In 2012, then-prime minister Yousaf Raza Gilani was disqualified over contempt of court charges for refusing to reopen a graft case against then president Asif Ali Zardari.

The Panama Papers scandal is about alleged money laundering by Sharif in 1990s, when he twice served as prime minister, to purchase assets in London. The assets surfaced when Panama Papers leak last year revealed that they were managed through offshore companies owned by Sharif’s children.

The assets include four expensive flats in London.

Sharif has been the prime minister of Pakistan for a record three times. He leads Pakistan’s most powerful political family and the ruling PML-N party.

A steel tycoon-cum-politician, Sharif had served as the Pakistan’s prime minister for the first time from 1990 to 1993. His second term from 1997 was ended in 1999 by Army chief Pervez Musharraf in a bloodless coup.

In May, the Supreme Court set up a six-member joint investigation team (JIT) to investigate the charges against Sharif and his family.

The JIT submitted its report to the court on July 10.

It said the lifestyle of Sharif and his children were beyond their known sources of income, and recommended filing of a new corruption case against them.

Sharif dismissed the report as a ‘bundle of baseless allegations’ and refused to quit, despite demands to do so from several quarters, including opposition political parties.

On July 21, the court reserved its verdict after concluding the hearing.

The six-member JIT was set up with a mandate to probe the Sharif family for allegedly failing to provide the trail of money used to buy properties in London in the 1990s.

The top court took up the case in October last year on petitions filed by Pakistan Tehreek-e-Insaf, Awami Muslim League and Jamaat-e-Islami and reserved the verdict in February after conducting hearings on a daily basis.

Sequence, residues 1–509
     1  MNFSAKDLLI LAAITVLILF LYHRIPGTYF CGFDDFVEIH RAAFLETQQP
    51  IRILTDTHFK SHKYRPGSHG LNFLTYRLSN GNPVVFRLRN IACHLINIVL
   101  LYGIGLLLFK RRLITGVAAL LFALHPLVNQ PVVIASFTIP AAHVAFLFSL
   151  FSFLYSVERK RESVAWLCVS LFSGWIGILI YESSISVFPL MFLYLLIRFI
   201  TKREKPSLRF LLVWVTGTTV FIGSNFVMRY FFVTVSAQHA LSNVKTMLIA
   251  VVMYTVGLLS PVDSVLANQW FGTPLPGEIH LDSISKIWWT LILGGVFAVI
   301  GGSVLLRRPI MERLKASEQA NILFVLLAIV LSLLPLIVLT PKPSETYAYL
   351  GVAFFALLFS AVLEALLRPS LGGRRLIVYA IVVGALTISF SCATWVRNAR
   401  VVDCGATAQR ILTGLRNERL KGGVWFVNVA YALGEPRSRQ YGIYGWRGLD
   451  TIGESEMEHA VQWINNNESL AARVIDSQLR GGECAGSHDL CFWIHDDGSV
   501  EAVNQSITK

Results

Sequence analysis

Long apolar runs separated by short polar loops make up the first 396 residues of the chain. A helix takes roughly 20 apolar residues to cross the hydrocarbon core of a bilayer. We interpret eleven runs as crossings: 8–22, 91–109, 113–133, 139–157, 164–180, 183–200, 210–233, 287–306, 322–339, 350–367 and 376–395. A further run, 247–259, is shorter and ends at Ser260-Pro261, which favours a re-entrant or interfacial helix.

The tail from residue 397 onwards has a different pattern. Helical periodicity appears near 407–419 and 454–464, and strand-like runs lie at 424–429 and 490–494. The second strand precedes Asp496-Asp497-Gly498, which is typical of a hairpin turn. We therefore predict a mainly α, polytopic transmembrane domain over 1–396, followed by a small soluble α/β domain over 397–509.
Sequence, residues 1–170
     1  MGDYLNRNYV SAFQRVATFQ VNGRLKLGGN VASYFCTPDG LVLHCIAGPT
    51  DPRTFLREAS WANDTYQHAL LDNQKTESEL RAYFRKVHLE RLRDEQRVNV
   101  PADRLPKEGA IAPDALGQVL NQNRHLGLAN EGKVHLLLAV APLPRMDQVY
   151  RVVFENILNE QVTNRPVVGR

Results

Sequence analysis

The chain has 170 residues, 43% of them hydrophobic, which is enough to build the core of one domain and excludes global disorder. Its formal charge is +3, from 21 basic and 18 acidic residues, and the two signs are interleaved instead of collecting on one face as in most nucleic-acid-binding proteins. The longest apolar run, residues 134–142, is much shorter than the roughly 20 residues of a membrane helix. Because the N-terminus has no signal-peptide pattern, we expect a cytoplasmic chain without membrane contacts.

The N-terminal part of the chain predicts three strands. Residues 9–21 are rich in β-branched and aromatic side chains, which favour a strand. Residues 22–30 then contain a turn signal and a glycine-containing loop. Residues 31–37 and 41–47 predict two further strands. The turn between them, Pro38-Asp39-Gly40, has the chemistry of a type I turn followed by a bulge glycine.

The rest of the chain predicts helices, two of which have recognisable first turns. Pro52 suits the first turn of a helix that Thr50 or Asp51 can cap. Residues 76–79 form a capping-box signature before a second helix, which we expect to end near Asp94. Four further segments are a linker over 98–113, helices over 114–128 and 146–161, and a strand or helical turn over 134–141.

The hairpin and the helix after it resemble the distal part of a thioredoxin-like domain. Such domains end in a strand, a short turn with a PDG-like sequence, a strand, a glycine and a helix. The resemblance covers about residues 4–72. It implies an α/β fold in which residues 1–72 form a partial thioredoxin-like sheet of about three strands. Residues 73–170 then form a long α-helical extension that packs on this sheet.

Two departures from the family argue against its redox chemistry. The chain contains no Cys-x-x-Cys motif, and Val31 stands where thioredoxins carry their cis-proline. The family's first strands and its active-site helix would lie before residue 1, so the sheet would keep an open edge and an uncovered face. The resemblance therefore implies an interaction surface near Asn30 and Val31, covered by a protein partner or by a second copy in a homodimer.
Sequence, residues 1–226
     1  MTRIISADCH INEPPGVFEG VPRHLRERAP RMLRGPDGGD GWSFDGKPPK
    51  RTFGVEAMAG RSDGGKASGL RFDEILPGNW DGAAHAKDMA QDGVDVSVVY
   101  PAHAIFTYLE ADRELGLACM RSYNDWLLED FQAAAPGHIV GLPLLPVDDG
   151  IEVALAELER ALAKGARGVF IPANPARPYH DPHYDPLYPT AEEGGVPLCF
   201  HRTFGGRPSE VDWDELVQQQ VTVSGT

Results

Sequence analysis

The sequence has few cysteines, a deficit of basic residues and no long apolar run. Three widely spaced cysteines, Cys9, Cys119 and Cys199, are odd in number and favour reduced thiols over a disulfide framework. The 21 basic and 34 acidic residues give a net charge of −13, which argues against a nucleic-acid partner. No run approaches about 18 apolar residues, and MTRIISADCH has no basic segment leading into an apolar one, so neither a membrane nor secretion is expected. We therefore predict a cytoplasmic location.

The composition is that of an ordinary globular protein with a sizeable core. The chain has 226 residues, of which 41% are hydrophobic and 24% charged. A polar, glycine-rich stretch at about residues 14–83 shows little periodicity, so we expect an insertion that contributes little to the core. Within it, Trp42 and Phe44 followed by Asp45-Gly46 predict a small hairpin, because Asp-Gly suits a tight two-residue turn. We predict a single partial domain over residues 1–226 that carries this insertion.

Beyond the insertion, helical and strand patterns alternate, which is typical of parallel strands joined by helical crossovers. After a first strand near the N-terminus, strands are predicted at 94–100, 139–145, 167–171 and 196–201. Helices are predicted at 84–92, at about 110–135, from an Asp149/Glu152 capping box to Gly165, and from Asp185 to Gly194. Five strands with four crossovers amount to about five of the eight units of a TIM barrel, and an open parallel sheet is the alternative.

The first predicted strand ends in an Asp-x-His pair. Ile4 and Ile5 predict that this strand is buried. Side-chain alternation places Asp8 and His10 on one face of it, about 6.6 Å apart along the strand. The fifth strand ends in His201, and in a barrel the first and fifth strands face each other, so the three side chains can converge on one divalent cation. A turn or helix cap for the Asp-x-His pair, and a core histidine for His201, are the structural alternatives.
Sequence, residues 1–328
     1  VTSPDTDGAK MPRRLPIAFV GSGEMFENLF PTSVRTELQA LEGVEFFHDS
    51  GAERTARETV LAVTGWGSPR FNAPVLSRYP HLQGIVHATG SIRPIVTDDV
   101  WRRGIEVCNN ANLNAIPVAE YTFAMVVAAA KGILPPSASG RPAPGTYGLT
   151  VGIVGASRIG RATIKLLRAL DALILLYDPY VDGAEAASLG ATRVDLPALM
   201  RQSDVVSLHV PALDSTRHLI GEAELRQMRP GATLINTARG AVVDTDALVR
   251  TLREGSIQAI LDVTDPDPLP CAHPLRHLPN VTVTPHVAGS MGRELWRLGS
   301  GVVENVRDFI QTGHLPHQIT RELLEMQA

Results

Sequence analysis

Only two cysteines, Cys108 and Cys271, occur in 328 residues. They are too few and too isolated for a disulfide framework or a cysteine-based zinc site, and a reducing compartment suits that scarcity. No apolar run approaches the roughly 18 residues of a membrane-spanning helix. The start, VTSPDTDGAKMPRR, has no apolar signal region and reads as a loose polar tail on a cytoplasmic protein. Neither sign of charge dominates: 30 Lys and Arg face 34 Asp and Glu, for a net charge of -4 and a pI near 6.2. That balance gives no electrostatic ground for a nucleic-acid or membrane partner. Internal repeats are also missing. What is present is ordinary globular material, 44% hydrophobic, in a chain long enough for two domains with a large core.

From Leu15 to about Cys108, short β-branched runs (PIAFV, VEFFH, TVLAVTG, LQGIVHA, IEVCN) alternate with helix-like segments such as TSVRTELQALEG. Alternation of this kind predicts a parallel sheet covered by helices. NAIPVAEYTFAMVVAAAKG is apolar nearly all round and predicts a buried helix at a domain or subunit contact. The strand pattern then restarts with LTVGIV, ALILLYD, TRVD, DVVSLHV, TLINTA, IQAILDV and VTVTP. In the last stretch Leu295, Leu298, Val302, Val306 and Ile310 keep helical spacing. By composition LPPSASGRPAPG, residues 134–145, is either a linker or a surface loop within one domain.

The five-judge bench that issued Friday’s verdict comprised -- Justices Asif Saeed Khosa, Khan, Gulzar Ahmed, Sheikh Azmat Saeed and Ijazul Ahsan.

The court took up the case on November 3 last year and held 35 hearings spanning over more than 132 hours before concluding the proceedings on February 23. It had issued the 547-pages split judgement on April 20.

Chronology of Panama Papers scandal in Pakistan

April 4, 2016: The International Consortium of Investigative Journalism publishes the Panama Papers, exposing tax evasion by the world's elite through off-shore accounts and shell companies. The documents include names of Sharif's family.

April 5: Sharif sets up a judicial committee to investigate the allegations, denies charges.

April 26: Opposition parties reject the judicial commission set up by the government.

November 1: The Supreme Court decides to pursue a case related to Nawaz Sharif.

November 7: PML-N submits Qatari prince's letter to the Supreme Court containing information about the London flats that were at the centre of the Panama Papers scandal.

January 6, 2017: Sharif's daughter Maryam Nawaz submits details of assets after the Supreme Court resumes hearing.

April 20: SC orders formation of a JIT with a split 3-2 verdict to probe the corruption charges against Sharif.

May 5: SC formally constitutes the JIT.

May 22: The JIT presents its first bi-weekly report to the SC in two volumes.

May 24: The JIT sends questionnaires to Sharif and his two sons - Hussain and Hassan.

May 28: Sharif's elder son, Hussain, appears before the JIT, claims it did not provide him any questionnaire.

May 30: Hussain appears before JIT for the second time.

June 13: The JIT submits report to the SC on obstructions to its work, blames government institutions for 'creating impediments in the collection of evidence'.

June 15: Sharif appears before the JIT for questioning, becoming the first sitting Pakistan prime minister to appear before any investigating agency.

June 17: Sharif's younger brother and Chief Minister of Punjab Shahbaz Sharif questioned by JIT.

July 5: Sharif's daughter Maryam appears before JIT.

July 7: Former Qatari premier Sheikh Hamad bin Jassim bin Jaber Al-Thani sends a letter to the JIT, asking it to record his statement at his palace before submitting its final report to the SC.

July 8: PML-N says will reject any JIT report without Qatari ex-premier's statement.

July 10: The JIT submits final report to the SC.

July 21: The three-judge bench Supreme Court bench hearing the case reserves decision.

July 28, 2017: The five-member SC bench unanimously rules against Sharif, disqualifying him from the office.

Photograph: Faisal Mahmood/Reuters

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Sajjad Hussain in Islamabad